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Nissan Leaf


Nissan Motor Co. reported it plans to spend $17.6 billion over the next five years on battery-powered vehicles as it adds 20 new battery-powered vehicles to its lineup.

The automaker strives to recapture the prominence it held in the EV market after introducing the Leaf EV over a decade ago. Investors seek to invest in car makers investing heavily in EVs, including Tesla, Ford and Volkswagen.

Nissan CEO Makoto Uchida reports the company will leverage its 10-year head start in electrification to take a lead role in EV development. The amount the company plans to invest in the next five years, he says, is twice what it has spent on electric vehicles since 2010.

Uchida said he wants Nissan to take a lead role as cars shift from gasoline to electric power, but he was cautious about setting EV sales targets. Former leader Carlos Ghosn, Nissan and partner Renault SA, once promised to sell 1.5 million electric vehicles by 2016, a target they missed by a wide margin.

Nissan announced that nine of the 20 new vehicles to be introduced by 2026 will be purely battery powered EVs. The others will include Nissan’s version of gasoline-electric hybrids, vehicles powered by electric motors but equipped with a small gasoline engine to recharge the battery while driving.

Currently, EV sales are usually driven by government regulation. This will change as the technology behind the vehicles improves, according to Ashwani Gupta, Nissan’s chief operating officer. “The tipping point of EV adoption will be driven by advancement in electric platforms, powertrains and battery technologies,” Gupta said.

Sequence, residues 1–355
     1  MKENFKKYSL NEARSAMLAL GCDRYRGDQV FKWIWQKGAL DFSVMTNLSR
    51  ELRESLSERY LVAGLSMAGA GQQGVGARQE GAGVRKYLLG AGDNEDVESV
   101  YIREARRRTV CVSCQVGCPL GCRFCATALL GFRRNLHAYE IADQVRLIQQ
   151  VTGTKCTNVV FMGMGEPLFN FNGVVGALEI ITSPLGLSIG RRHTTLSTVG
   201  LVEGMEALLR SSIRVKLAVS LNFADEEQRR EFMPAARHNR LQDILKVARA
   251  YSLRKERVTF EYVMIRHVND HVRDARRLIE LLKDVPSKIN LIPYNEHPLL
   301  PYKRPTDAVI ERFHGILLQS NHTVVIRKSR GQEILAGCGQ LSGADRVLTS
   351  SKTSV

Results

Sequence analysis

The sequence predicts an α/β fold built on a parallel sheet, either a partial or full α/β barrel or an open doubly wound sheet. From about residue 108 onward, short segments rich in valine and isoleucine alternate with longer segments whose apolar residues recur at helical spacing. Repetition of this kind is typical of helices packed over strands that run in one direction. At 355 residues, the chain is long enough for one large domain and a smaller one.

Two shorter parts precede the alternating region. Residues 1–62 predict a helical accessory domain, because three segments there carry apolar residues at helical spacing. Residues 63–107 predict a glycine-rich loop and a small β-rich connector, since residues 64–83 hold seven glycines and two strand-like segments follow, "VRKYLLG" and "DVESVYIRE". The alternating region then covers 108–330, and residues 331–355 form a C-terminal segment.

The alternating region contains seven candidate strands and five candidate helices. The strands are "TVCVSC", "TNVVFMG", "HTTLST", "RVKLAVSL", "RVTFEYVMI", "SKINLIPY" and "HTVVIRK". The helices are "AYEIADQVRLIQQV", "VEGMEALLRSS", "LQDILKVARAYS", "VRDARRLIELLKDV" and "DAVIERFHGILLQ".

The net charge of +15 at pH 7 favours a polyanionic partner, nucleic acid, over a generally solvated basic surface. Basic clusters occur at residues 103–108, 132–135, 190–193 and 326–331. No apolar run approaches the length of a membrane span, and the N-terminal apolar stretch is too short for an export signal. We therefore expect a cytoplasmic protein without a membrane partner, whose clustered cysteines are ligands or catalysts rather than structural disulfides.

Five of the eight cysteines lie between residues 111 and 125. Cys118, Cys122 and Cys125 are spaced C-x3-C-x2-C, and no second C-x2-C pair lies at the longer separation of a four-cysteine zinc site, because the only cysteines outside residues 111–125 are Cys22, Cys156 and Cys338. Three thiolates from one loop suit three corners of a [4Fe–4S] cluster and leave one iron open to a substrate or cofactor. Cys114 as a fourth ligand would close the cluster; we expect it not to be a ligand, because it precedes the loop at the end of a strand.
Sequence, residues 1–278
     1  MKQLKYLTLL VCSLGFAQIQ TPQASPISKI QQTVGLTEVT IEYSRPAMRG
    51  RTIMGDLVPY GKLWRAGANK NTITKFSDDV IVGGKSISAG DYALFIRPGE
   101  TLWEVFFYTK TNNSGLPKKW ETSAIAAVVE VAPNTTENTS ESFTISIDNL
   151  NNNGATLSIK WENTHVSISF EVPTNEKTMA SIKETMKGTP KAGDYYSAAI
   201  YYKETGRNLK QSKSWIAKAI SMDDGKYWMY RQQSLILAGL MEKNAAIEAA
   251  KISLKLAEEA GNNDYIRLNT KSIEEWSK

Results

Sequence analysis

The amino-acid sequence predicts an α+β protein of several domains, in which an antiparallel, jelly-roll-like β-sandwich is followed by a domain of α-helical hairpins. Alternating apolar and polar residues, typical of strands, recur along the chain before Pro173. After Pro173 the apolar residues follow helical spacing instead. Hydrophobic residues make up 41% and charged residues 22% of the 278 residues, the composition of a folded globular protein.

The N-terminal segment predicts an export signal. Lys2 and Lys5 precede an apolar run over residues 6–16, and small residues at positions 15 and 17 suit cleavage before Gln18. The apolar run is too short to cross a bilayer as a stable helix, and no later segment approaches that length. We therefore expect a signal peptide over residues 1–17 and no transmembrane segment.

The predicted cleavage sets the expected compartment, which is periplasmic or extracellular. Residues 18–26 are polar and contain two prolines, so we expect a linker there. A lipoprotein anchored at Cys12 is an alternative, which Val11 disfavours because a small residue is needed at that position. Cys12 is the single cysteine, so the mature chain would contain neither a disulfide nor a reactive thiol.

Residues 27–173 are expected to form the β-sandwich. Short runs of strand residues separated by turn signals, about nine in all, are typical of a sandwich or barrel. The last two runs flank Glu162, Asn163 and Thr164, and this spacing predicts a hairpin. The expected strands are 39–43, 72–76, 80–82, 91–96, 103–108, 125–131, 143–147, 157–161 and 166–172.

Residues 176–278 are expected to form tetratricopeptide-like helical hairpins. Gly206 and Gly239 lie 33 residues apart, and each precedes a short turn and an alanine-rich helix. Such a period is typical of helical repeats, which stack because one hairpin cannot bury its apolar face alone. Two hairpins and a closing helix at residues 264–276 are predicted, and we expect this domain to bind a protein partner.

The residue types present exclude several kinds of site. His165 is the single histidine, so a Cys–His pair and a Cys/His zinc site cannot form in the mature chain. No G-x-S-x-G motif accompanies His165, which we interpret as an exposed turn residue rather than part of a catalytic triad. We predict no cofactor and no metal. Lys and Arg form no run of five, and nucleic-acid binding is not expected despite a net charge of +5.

President Biden recently signed an executive order that aims to have EVs represent half of all new car sales by 2030. But Nissan strives to have its pure-electric or hybrid vehicles generate 40% of its U.S. sales by that date. Uchida did not provide a breakdown by vehicle type.

Nissan is working to remove expensive materials, such as cobalt from its EV batteries, to reduce the cost to $75 per kilowatt-hour. That would be 65% cheaper than the Leaf.

Nissan is also investing over $1 billion in solid-state batteries to replace the liquid electrolyte in current lithium-ion batteries with a solid electrolyte. This technology will make batteries lighter and safer, Nissan said.

Nissan will expand battery-production capacity globally to power its new vehicles. The company aims to have 52 gigawatt-hours of battery production available by 2026. Currently, Nissan plants in the U.S., U.K. and Japan can produce batteries with capacity of around 7.5-gigawatt-hours a year.



Originally posted on Auto Dealer Today

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